From streaming giant Netflix comes the latest runaway hit documentary series everyone's talking about, Making a Murderer, which Forbes has called Netflix's "most significant show ever." The plot of the series chronicles the story of one man, Steven Avery, a 53-year-old from Manitowoc County, Wisconsin. After being convicted in 1985, at the age of 22, for sexual assault, Avery spent 18 years in prison. However, when a post-conviction investigation revealed new information, Avery was exonerated in 2003.
Without giving too much away, it's safe to say that Avery's story has risen rapidly in the public consciousness as of late, and no shortage of ink is being spilt theorizing about the case's intricacies — not least of which is the detail that Avery had a credible alibi at the time the crime he was accused of was committed.
"Avery presented 16 alibi witnesses, including the clerk of a store in Green Bay, Wisconsin, who recalled Avery, accompanied by his wife and five children, buying paint from the store," reported the Innocence Project, a nonprofit organization that works on behalf of wrongly-accused persons.
"A checkout tape put the purchase at 5:13 p.m. Beernsten put the attack at 3:50 p.m. and estimated it lasted 15 minutes, which meant that Avery would have had to leave the scene of the attack, walk a mile to the nearest parking area, drive home, load his family into the car, and drive 45 miles in just over an hour."
Yet that evidence and other indications of his innocence weren't enough to save Avery from his 18-year-long stint in jail. And the story doesn't stop there. Littered with accusations about the handling of the case and the supposed injustice of Avery's incarceration, the documentary series has captured the interest of viewers, and fans of the show are now devotedly plugged in to see what happens to Avery next. The reason? In 2005, Avery was convicted on separate murder charges and was sentenced to life in prison — and some think it was due to bias against the convict's character.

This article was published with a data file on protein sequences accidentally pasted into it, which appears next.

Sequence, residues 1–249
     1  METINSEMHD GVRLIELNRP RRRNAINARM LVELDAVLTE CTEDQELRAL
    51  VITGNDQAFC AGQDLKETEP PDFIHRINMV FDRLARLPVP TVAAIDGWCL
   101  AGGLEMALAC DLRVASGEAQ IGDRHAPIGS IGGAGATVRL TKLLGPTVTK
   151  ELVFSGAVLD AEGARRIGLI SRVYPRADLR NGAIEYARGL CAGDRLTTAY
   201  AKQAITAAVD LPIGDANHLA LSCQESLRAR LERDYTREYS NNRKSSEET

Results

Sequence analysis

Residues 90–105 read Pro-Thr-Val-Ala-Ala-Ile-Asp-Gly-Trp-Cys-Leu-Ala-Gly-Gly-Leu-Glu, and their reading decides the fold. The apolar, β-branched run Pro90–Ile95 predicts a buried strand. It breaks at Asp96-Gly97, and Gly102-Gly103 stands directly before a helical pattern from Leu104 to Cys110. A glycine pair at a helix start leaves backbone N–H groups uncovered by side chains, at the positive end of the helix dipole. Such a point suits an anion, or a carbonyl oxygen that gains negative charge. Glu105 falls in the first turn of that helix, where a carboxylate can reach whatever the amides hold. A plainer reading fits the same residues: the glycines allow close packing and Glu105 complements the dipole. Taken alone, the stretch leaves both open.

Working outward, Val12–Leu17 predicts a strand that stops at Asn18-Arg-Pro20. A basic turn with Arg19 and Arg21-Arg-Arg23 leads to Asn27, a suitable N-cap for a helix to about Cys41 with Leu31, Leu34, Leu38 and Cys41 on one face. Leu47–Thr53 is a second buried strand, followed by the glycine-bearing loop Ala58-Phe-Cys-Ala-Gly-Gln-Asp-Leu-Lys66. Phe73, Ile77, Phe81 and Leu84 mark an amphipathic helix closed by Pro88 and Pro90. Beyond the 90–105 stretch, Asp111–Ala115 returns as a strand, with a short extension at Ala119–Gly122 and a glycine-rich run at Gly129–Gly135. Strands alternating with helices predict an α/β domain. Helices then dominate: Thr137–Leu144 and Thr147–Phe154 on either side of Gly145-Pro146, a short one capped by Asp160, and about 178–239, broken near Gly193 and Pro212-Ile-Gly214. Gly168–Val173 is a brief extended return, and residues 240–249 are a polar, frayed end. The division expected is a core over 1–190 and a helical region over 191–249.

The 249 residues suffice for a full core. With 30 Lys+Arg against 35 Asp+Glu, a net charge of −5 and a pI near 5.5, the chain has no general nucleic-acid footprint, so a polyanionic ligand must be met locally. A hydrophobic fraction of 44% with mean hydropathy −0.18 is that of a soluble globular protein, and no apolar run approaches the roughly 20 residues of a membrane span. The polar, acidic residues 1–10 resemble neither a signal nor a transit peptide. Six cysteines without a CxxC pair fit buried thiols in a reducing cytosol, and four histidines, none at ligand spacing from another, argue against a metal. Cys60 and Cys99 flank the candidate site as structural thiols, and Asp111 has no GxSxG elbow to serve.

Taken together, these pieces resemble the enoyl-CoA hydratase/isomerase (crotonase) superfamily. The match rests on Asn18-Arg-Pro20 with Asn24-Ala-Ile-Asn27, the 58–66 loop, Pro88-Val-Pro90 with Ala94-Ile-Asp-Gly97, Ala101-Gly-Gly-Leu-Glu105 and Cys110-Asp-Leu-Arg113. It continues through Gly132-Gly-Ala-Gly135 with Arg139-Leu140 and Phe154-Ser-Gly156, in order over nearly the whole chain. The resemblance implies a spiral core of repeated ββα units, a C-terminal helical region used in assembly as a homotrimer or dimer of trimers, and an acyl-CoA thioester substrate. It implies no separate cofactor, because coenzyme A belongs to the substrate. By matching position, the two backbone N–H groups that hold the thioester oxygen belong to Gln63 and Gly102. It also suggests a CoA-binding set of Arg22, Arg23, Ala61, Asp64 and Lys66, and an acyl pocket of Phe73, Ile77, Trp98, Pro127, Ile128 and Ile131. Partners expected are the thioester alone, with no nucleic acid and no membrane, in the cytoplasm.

The hype around Netflix's new show has not only put a spotlight on the alleged failings of the justice system, it has also drawn new attention to grassroots efforts to enact change in the face of those alleged failings. The public is now clamoring for justice. Time reported that a petition for Avery's pardon has garnered 100,000 signatures as of Sunday. On Monday, the Washington Post reported the petition's number of signatures had grown to 170,000.
The situation is a familiar one, considering the hit podcast Serial from WBEZ's This American Life that inspired a similar public reaction last year. Adnan Syed was convicted of murder and eventually granted a retrial, a development some speculated could have been due to rising public interest in the case thanks to the podcast's popularity. Yet even after reporting new developments to that case last year, the show's lead host, Sarah Koenig, pointed out in a blog post that solid evidence doesn't necessarily translate to swift justice.
"The back and forth of this post-conviction fight is not over," Koenig wrote. "From my old friend David Nitkin (formerly a Baltimore Sun colleague, now a spokesman at the AG's office): 'The Office of the Attorney General is reviewing Mr. Syed's latest filing and a decision on whether and how to reply is pending.'"
Whether public interest in Making a Murderer could mean renewed interest in Avery's case, as we've seen in the case of Serial's Syed, has yet to be seen.